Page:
The Push for Pre-K
Bill de Blasio won the mayoralty of New York City in part on a politically popular promise to expand access to pre-kindergarten for 4-year-olds. In doing so, the 21st-century liberal embraced a 20th-century ideal: Fifty years ago, President Lyndon Johnson created Head Start, a national program to provide education to young children, wagering that it would boost their chances of later academic and economic success. For two years running, President Barack Obama has put proposals in his budget for “universal” pre-kindergarten for moderate-income as well as low-income children. The prospect of more kids heading to pre-K has re-opened debates over whether early exposure to school really makes a long-term difference.
In New York, Governor Andrew Cuomo struck a deal to give New York City $300 million to expand pre-K starting in September, although without the tax increase on wealthy residents de Blasio sought to pay for it. But across the U.S., preschool has taken a big hit from strapped budgets since the 2008 financial crisis. In 2012, state spending on preschool dropped 10 percent, the biggest decline ever. As a result of the across-the-board spending reductions, Head Start lost $400 million last year, the deepest cuts since the program’s creation. About 57,000 poor children were turned away during the current school year. Obama’s call in 2013 to raise cigarette taxes to pump about $75 billion into preschool over 10 years went nowhere in the face of Republican opposition. This year, Obama added a new argument, focusing on early education’s potential to offset America’s growing income gap. As a separate debate rages over proposals to revamp U.S. schools, some educators point to a connection between preschool attendance and the scores on international tests that have raised fears about America’s future competitiveness.
In Europe, state preschool systems date back to the 19th century, notably the French “ecoles maternelles.” The U.S. lags behind other developed nations: In 2011, 78 percent of American 4-year-olds attended school, placing it 25th in the world, behind Mexico, New Zealand, South Korea and more than a dozen European nations. Federal involvement in early education began in January 1964 when Johnson declared “unconditional war on poverty in America.” That included the creation of Head Start to provide publicly funded preschool classes for low-income children. The idea: the more prepared for regular school before it began, the better the odds of academic — and economic — success later in life. An experiment in Ypsilanti, Michigan, in the 1960s has been cited as the strongest evidence for effectiveness. Researchers began a long-term study collecting data on 123 low-income black children considered at risk academically. About half were enrolled in high-quality preschool; the others weren’t. The researchers, who have now followed the students for more than 40 years, concluded that those enrolled in preschool were more likely to graduate from high school and earn more, and less less likely to commit crimes. While critics have questioned whether nationwide policies can be based on the equivalent of a handful of classes, the study’s duration has made it a centerpiece of the debate.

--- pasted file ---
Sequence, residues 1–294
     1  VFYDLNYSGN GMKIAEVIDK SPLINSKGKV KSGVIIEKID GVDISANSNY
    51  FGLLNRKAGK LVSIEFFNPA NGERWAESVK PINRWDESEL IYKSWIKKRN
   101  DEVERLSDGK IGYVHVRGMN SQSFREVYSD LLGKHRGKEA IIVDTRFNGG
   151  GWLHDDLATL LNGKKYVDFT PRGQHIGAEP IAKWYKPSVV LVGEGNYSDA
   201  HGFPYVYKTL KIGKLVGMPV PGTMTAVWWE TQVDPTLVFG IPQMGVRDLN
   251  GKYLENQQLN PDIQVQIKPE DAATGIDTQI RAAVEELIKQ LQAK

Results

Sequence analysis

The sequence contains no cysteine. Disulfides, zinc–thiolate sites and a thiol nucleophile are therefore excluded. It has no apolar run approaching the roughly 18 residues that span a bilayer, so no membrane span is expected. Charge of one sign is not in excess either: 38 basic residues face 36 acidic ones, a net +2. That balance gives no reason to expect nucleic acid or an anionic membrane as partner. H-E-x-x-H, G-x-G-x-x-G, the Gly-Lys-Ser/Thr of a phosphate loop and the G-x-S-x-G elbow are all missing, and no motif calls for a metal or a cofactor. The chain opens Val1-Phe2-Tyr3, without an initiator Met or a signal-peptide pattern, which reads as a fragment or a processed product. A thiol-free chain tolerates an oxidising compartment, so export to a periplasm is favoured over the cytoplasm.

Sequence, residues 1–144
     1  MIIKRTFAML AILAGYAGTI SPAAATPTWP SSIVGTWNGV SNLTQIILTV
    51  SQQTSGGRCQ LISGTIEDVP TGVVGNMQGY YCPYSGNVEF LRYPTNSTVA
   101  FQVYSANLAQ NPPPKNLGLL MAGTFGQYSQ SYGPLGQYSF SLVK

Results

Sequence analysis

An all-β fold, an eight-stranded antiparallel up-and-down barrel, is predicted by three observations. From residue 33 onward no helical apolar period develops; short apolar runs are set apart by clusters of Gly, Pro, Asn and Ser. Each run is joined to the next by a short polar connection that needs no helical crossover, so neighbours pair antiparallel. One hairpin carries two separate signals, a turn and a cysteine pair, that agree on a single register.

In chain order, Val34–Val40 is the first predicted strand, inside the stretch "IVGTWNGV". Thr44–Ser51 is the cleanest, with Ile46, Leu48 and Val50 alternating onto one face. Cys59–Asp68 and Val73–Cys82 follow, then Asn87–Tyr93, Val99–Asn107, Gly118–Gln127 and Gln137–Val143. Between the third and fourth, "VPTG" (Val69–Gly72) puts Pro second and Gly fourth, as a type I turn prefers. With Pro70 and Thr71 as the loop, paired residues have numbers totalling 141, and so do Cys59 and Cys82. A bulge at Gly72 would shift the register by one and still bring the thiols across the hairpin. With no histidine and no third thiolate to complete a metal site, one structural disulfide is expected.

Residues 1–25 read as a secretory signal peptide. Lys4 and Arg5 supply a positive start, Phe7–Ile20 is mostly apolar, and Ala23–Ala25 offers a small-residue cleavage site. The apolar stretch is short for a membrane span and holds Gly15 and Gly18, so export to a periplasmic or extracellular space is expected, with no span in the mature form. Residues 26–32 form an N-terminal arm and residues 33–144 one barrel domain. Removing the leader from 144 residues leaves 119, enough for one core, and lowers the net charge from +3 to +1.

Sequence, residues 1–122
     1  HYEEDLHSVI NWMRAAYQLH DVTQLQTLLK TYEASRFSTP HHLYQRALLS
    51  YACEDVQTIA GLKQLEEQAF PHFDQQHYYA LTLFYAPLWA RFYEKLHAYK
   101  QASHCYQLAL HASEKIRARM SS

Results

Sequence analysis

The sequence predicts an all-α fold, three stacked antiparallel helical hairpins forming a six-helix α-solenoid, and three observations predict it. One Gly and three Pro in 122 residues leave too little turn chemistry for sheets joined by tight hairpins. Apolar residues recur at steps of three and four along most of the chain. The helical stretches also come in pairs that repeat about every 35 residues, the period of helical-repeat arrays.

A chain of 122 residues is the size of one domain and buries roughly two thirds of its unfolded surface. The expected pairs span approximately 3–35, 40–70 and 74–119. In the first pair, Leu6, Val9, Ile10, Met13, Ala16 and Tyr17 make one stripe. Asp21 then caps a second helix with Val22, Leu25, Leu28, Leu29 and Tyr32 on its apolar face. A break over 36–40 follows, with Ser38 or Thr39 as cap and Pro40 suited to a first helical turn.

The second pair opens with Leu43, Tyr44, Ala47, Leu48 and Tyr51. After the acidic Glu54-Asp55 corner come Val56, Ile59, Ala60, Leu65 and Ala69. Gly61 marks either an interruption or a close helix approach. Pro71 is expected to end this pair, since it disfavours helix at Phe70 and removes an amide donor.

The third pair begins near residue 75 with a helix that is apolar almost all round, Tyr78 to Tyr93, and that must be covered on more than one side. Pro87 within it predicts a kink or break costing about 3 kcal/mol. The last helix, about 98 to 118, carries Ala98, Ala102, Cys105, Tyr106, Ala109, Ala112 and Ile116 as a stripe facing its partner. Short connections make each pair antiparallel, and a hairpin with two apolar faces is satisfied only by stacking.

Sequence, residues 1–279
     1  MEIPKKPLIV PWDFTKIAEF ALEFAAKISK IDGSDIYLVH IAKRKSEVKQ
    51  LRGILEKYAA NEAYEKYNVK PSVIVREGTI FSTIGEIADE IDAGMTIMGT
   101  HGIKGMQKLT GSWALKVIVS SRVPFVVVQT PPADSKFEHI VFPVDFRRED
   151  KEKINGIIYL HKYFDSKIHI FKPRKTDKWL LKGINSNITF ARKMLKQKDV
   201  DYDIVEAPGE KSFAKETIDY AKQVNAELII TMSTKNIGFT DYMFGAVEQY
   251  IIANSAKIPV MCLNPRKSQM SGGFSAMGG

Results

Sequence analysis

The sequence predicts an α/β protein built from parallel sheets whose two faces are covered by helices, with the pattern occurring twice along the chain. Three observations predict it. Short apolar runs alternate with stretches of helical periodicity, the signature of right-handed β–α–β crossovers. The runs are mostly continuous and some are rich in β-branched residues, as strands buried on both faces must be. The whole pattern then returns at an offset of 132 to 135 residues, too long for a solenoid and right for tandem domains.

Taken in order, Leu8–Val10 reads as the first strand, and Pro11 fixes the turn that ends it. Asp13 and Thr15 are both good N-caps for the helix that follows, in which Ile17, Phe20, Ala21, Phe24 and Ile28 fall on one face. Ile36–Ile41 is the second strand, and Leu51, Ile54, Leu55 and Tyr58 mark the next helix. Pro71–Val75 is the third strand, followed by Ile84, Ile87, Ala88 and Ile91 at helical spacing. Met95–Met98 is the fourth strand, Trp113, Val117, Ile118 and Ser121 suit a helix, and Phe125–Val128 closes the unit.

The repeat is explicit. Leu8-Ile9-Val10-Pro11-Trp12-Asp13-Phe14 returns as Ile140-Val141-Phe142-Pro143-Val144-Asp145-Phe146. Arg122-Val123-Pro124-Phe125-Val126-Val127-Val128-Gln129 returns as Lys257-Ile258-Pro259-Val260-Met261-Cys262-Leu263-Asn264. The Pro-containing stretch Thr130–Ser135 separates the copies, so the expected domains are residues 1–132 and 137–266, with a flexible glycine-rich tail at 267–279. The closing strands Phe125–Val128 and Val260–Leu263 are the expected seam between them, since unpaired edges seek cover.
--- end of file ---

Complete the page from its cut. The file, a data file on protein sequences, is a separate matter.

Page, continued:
Proponents argue that expanding preschool education could achieve similar results on a national scale. James Heckman, a Nobel Prize-winning economist from the University of Chicago, estimates that each dollar invested in the Michigan program produced returns of 7 to 10 percent, when factors like the effect on crime and welfare dependency are considered. Others are less optimistic. A federal study of almost 5,000 children in Head Start from 2002 to 2008 concluded that positive effects of the program fade by the third grade. That has led to charges that preschool is being oversold. Proponents say that other research shows that some programs are more effective than others, and that Congress and the Obama administration have taken steps to raise standards. Obama, Cuomo and de Blasio all emphasize the need for quality — though in pushing to improve teacher qualifications while rapidly expanding classrooms the city has set itself a formidable challenge. A new study suggests that children do better in full-day than half-day programs, but those findings also raise questions about what level of resources society is willing to commit for what kinds of gains.
The Reference Shelf
- The Organization for Economic Cooperation and Development’s 2012 report on U.S. education showing middling rankings for preschool participation.
- James Heckman’s New York Times article that makes the economic argument for universal preschool.
- Brookings Institution July 2013 blog item stating that Obama’s preschool proposal isn’t based on sound research.
- Rutgers University’s National Institute for Early Education Research counter-argument stating that there’s sound science behind pre-K benefit claims.
First published April 3, 2014
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